We often talk about content strategy as a way to increase our search engine exposure. Since people love content, search engines do, too. Therefore, we must create content that people like.
We often think of content strategy as putting together ideas and then writing a bunch of blog posts. Unfortunately, that’s only one leg of a three-legged content strategy. To be effective, it must contain all three legs as each fulfills a specific role in the conversion process.
Informational content is what we most often think of in regards to our content marketing strategies. This is the content that we post on our blogs, offering free advice, instructions, tools and other valuable insights that our audience would want to read. It’s designed to showcase your expertise–to demonstrate to your readers that you are an expert in your area and are someone they should trust if they every need your products or services.
Informational content is for the long-play in customer acquisition. You won’t achieve a high rate of immediate conversions, but when the time comes, the sales process will be shorter, because you’ve already established trust with those visitors.
We often forget about our sales content when it comes to content strategy, but it’s just as important. It does no good to brand yourself as an authority on your blog if visitors find your sales presentation less than effective.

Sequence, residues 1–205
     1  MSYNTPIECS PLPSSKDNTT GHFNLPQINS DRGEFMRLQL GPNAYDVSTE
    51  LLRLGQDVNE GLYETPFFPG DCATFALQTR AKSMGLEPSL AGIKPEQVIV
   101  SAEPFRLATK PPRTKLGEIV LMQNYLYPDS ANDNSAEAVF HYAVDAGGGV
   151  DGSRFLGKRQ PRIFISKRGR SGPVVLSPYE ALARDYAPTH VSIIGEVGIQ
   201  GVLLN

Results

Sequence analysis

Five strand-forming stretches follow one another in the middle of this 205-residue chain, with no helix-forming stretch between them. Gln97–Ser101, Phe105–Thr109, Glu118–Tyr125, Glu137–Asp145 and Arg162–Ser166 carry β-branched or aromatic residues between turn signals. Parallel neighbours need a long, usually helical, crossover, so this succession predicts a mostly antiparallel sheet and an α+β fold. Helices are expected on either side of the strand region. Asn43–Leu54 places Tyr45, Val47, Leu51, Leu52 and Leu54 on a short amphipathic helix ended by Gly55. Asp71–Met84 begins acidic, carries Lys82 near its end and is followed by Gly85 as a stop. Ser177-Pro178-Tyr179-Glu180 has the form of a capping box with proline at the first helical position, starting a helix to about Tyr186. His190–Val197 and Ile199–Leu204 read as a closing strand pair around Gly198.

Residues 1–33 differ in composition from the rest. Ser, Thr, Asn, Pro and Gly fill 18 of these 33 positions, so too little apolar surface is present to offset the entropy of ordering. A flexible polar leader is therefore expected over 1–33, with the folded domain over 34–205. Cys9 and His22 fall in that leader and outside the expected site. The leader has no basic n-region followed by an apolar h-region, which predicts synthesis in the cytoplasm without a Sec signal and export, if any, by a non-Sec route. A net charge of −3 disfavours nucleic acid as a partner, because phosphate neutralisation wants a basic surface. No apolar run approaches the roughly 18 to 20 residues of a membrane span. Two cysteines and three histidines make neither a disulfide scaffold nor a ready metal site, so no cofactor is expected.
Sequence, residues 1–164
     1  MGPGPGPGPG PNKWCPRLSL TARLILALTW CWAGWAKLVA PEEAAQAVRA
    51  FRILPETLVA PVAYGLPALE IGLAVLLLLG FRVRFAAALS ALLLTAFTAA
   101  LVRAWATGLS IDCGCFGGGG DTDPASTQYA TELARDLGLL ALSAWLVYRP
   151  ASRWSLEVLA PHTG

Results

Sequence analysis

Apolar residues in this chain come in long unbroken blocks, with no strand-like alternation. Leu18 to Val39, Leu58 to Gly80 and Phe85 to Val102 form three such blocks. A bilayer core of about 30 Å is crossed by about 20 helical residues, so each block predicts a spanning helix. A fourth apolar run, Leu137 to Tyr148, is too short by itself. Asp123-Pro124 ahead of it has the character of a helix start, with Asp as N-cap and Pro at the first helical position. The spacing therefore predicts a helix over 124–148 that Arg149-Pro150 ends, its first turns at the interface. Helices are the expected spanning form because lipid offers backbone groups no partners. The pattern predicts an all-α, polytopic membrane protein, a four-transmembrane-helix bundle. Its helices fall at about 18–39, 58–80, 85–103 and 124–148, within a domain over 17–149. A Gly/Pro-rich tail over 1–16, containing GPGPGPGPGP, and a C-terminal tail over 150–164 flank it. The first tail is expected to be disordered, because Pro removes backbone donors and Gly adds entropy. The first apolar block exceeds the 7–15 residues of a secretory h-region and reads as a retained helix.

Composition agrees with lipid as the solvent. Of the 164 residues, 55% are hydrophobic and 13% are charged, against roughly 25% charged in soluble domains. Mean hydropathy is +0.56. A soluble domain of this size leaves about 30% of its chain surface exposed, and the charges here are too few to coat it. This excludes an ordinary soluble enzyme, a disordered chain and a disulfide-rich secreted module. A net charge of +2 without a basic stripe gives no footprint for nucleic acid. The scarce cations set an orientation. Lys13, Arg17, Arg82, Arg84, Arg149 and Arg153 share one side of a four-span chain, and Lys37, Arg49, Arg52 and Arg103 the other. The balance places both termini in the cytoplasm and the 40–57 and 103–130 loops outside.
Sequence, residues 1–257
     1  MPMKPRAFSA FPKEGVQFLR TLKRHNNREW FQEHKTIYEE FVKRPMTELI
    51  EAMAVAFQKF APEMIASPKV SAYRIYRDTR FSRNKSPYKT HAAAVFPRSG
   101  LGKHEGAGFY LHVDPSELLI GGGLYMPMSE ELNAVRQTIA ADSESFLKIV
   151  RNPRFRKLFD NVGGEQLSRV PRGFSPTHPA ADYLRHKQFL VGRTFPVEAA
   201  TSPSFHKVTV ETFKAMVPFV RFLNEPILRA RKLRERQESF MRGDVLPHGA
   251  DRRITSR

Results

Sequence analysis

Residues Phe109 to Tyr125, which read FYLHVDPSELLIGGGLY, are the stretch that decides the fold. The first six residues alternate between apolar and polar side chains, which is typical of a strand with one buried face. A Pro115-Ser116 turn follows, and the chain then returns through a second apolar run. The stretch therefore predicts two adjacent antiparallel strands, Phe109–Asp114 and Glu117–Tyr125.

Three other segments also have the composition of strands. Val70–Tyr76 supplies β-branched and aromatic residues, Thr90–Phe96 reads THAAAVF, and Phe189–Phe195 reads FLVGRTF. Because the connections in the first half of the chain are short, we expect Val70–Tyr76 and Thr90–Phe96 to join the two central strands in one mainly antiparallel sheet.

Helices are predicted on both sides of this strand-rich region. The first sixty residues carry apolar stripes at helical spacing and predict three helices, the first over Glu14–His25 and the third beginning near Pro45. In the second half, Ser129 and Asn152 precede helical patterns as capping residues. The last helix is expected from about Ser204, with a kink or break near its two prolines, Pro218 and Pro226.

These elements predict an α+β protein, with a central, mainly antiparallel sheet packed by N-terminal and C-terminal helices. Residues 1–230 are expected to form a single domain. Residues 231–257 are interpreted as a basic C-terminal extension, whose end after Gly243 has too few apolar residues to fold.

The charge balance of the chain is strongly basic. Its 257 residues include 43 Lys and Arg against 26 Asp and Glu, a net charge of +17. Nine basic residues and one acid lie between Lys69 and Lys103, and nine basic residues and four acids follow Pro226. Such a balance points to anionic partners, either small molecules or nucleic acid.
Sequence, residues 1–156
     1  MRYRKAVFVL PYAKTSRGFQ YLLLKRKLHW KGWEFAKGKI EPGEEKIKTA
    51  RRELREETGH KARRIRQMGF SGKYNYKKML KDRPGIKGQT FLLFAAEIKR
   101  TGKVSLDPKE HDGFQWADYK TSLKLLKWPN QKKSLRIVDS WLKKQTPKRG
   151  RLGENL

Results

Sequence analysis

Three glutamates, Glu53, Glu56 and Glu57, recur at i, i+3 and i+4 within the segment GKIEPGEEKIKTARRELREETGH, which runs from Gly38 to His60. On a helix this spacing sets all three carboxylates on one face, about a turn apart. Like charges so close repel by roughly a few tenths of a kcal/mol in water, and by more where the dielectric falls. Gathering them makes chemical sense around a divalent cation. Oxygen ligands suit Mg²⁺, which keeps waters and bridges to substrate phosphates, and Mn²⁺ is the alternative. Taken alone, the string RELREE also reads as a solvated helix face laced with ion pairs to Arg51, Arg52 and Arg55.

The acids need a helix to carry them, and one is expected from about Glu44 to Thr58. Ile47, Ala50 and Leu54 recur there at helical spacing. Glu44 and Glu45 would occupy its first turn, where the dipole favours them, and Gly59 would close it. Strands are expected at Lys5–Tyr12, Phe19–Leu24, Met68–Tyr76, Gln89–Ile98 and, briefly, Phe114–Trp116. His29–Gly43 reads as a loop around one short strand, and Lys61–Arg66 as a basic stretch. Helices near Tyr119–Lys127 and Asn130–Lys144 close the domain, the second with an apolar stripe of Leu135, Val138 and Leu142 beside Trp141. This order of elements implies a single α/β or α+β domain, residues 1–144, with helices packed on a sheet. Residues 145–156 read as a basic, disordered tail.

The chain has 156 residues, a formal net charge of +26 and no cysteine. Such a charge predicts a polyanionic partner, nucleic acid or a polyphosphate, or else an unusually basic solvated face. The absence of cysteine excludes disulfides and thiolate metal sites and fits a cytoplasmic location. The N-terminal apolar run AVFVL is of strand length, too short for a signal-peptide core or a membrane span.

There have been many books and blogs written on the topic of writing great sales copy. They all have valuable information, but it all comes down to making the potential customer feel confident that you’re the solution to their problem.
This is done by addressing the visitor’s needs, focusing on benefits over features and selling the “sizzle.” If your visitors ultimately don’t find your sales content persuasive, all the work you’ve done building yourself up as an authority will be wasted.
The third leg of content strategy is the promotional aspect. This is where social postings and promoting your informational content comes into play. But what is more valuable than having a content strategy is having an engagement strategy.
Self promotion only goes so far. Yes, you have to post links to your content onto your streams, and you are allowed to toot your own horn a bit. But it can’t always just be all about you. Only a small percentage of your social posting can be self promotional. The bulk of it must be active engagement with your audience.
The number one job on social channels is building relationships. Not trying to convince people to use your products or services, or touting your expertise, but simply talking to your audience. This is where they truly get a feel for who you are. The more familiar they are with you the more apt they will be to become a customer down the road.
All three of these areas are an important part of an effective content strategy. Each of them focuses on the customer in a different area of the conversion process. When all three are in place, you will see more readers move from one part of the process to the next. However, if there is a missing piece in that process, this will limit the overall effectiveness of your content strategy.